This race was about something so much bigger than personal achievement. It was about celebrating in alignment with other empowered women.

People run marathons in record times all around the world every day. I didn’t break a record or overcome wildly unassailable obstacles in order to finish, or even take part in, this marathon. But that’s exactly the thing. This race wasn’t limited to celebrating what I could do on an individual level. It was so much more for me.

Being one of 22, 000 women running in the world’s biggest women-only marathon was a once-in-a-lifetime experience. Taking to the streets with women of all shapes, sizes, backgrounds and fitness levels was a proud and empowering feeling. The sense of support and emotion contained within the running space as well as that of the supporters lining the track was beautiful a beautiful feeling.

Returning to South Africa, I now advocate for the Nagoya Women’s Marathon. The organisation, hospitality and energy of this race reflects the eloquence of Japanese culture. The marathon celebrates strong, dedicated women coming together to challenge themselves, stereotypes and the historical culture of marathon running.

Inspiring Girls to Run for Parity!

Written by Stephanie Arzate

The sun had barely risen when hundreds of women and girls started to arrive at the Jawalakhel Football Field just outside of Kathmandu, Nepal. It was a little before 7 a.m. and everyone had come ready to run.

After weeks of planning, Women LEAD—along with their partners Higher Ground Bakery, Cycle City Network, and the Ujyalo Foundation—was finally seeing the fruits of their labor: the second annual International Women’s Day Fun Run. The Fun Run, open only to women and girls, was intended to let them “reclaim the streets” in a place where street harassment is common.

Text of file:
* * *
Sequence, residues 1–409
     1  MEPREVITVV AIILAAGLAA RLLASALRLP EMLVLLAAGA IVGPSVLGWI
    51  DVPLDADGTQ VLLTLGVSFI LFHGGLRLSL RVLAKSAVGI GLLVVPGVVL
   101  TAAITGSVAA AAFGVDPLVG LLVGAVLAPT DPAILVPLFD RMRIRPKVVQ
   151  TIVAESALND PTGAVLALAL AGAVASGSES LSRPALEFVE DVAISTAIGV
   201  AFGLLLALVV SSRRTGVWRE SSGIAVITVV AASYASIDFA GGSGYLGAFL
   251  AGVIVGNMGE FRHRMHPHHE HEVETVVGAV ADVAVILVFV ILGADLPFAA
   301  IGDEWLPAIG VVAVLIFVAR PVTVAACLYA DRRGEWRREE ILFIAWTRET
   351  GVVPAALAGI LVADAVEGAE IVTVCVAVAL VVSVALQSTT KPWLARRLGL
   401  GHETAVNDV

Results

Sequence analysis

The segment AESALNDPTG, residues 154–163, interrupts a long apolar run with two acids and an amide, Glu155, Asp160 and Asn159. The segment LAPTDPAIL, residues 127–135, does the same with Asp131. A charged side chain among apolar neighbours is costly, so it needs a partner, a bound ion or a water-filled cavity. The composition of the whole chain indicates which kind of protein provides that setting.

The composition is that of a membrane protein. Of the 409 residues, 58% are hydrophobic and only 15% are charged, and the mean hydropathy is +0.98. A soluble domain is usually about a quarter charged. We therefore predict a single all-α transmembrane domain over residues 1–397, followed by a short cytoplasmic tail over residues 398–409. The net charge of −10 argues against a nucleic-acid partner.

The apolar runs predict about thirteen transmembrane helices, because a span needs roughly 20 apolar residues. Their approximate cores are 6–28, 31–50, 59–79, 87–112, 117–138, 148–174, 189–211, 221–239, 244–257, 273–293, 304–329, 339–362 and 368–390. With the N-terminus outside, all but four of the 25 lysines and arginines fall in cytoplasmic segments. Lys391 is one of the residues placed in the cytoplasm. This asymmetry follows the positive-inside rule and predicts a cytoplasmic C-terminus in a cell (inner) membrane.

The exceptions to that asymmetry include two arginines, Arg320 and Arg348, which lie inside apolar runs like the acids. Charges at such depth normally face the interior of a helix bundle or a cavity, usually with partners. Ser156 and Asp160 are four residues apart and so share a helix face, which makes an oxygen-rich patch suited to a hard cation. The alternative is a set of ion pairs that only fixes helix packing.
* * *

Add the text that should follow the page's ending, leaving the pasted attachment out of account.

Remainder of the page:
The event had another purpose as well: it was a day to celebrate the achievements of women and girls, like internationally renowned runner, Mira Rai, who came to address the crowd at the end of the run.

At the height of Nepal’s Civil war—and at the tender age of 14—Rai joined the Maoist rebels. She was captivated by the Guerilla’s promise to treat both women and men equally and looked up to the female combatants. Rai was too young to fight at the time, but she did train with the rebels. That training, she says, has helped her as she has gone on to become a star athlete.

Photo Credit: Higher Ground
Photo Credit: Higher Ground

It is not unlikely that you have not heard of Mira Rai. In a profile late last year, the Guardian called her a “low profile type of national hero.” But while Rai might not be known well beyond the borders of the Himalayan country, she is certainly an inspiring force in her home country.

Despite her small frame, Rai delivered a message that both captivated and energized the hundreds of young women and girls who had gathered on the field that brisk Saturday morning. Addressing the crowd in Nepali, Rai drew from her own life story and spoke of her struggles as a young girl. She reminded the mostly-female audience that they are just as powerful and strong as men.